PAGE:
Due to the IDF’s decisive actions in Gaza, the Hamas regime appears to be about to fall. This is a good thing, but it also raises critical questions about the future of the Middle East.
While it is difficult to predict how events will play out, there are several likely scenarios.
First, if Hamas falls, it is highly probable that its surviving members will rebrand under a different name. The aerospace force commander of Iran’s Islamic Revolutionary Guard Corps, Amir Ali Hajizadeh, reluctantly admitted on Nov. 13 that while Hamas as an ideology may persist, the group will likely have to adopt a new identity.
Nonetheless, the probable demise of Hamas, marked by its inability to continue to control Gaza and the pursuit of Hamas’ leaders through their tunnel network, will be a watershed moment. In particular, the Iranian mullahs’ regime appears to understand that Hamas — which had become an Iranian terrorist proxy — is finished.
Nonetheless, the regime’s proxy war against Israel will certainly continue. For decades, the theocratic mullahs have sustained themselves through terrorism and the fomenting of regional chaos. The regime is unlikely to ever relinquish these tactics so long as it remains in power.
In recent times, Iran has established an unsettling arc of influence stretching from the Mediterranean along Israel’s northern borders through the Golan Heights and Syria down to Iraq, further extending its reach via the Persian Gulf to the Gulf of Oman and the Red Sea. This is not only a threat to regional stability but poses a direct challenge to the international community. Despite Israel’s initial efforts to resist Iran’s entrenchment and assert deterrence, the current security landscape has witnessed a glaring lack of effective pushback against Iran’s aggressive actions.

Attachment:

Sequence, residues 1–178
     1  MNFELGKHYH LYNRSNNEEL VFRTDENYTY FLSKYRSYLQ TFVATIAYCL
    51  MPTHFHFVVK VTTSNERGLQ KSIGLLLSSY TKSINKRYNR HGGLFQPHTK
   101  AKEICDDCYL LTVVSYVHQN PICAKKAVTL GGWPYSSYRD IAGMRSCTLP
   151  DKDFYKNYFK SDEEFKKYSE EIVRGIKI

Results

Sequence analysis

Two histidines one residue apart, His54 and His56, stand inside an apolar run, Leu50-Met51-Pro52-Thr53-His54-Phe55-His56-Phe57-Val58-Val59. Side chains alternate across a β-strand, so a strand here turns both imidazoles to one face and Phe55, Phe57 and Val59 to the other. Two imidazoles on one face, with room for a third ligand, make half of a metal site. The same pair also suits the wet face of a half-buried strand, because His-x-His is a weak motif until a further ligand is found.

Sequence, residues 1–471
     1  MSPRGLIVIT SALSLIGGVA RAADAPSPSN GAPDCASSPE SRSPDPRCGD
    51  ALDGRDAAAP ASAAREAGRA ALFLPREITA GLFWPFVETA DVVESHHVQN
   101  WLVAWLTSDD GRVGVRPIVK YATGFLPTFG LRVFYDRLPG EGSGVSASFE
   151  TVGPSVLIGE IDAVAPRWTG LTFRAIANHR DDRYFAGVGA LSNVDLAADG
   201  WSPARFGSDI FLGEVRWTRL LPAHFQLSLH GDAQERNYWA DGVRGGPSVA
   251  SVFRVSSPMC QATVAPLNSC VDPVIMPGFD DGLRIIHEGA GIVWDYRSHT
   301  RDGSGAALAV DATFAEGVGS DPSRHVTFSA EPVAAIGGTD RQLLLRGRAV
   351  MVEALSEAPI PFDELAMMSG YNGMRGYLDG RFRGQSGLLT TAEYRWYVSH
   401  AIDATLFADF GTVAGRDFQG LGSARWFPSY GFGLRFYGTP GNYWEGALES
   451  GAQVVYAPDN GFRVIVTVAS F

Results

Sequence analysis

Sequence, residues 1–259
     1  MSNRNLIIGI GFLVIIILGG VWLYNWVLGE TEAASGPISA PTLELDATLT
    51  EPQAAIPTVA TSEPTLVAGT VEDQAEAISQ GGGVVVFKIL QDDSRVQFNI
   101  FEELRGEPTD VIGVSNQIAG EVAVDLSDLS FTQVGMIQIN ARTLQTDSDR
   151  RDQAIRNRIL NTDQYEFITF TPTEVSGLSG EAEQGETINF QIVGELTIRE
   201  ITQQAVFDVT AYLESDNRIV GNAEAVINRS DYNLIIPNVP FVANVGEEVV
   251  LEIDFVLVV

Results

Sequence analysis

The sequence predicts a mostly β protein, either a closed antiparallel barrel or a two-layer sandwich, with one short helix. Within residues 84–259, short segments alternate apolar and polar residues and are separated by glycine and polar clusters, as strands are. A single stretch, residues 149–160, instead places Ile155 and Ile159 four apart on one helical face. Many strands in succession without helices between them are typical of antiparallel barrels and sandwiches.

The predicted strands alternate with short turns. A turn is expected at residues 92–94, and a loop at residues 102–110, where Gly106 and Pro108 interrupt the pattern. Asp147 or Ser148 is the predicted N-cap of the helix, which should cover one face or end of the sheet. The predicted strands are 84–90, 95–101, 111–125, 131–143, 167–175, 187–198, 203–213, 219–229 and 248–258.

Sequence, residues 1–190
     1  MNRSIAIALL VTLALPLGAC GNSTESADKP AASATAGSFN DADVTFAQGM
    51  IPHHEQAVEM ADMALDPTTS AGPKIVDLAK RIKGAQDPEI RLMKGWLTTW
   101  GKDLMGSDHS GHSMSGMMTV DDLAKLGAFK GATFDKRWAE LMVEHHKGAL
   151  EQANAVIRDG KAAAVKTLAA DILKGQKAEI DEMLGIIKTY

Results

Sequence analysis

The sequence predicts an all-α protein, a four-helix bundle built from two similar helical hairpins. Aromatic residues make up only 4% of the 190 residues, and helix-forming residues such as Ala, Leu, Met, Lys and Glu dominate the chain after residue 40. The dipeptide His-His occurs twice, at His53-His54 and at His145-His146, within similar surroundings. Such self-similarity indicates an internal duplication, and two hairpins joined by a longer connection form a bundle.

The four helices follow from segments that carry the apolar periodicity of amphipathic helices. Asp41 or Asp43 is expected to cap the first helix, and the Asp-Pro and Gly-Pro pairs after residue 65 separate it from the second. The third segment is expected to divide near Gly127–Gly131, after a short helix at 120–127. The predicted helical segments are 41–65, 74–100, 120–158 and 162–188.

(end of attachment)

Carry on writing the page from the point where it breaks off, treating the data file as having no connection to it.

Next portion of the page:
Thus, we must ask what Israel’s next step will be. If it succeeds in destroying Hamas, as now seems inevitable, will it then turn its attention to the Iranian regime? Will it go after the “head of the snake”? The coming year will likely answer this critical question, and the international community, particularly the United States, will play a pivotal role in shaping upcoming events.
It is crucial to recognize that the current security challenge extends beyond Hamas and even Iran. Islamic terrorism, chiefly Shiite terrorism, knows no ideological bounds. Both Islamic leftists and reactionary extremists have played active roles in fostering its development. The likely fall of Hamas could spark the rise of another terrorist group sponsored by Tehran, raising concerns about the cyclical nature of radical Islamic ideology in the region.
As Israel contemplates its next move, it faces not only the immediate threat from Hamas but also the broader threat posed by Iran. The international community must acknowledge the role Iran’s Khomeinist regime plays in fostering and sustaining groups like Hamas, because this malign behavior could jeopardize the stability of nations far beyond the Middle East.
The rise of Hamas as a vehicle for Tehran’s brand of Islamic terror and Hamas’ likely fall should serve as a wake-up call. The world must act decisively to dismantle Iran’s transnational terror networks, lest they continue to metastasize and wreak havoc on the prospects for peace and coexistence. Some see the fall of the Iranian regime as a potential path to regional peace and stability, but it also presents a complex set of challenges that require careful navigation.
Unfortunately, there are indications that the West could be moving in the wrong direction. For example, several U.K. newspapers appear to be engaged in a coordinated effort to depict Iran’s “supreme leader” Ali Khamenei as a wise, peace-seeking leader, despite the mountain of evidence to the contrary. This appears to be a deliberate attempt to reshape public perception of the mullahs’ regime in light of Hamas’ horrific Oct. 7 attack.
Believing the shameless lies and propaganda disseminated by communist, leftist and Khomeinist media denying Khamenei’s involvement in Hamas’ barbaric attack on Israel is not just sheer foolishness, but also insults the intelligence.
However, I believe it is inevitable that the Iranian regime and its transnational terrorist network will eventually be consigned to the ash heap of history where they rightly belong.
In contrast, the state of Israel is poised to endure indefinitely.
Erfan Fard is a counter-terrorism analyst and Middle East studies researcher based in Washington, D.C.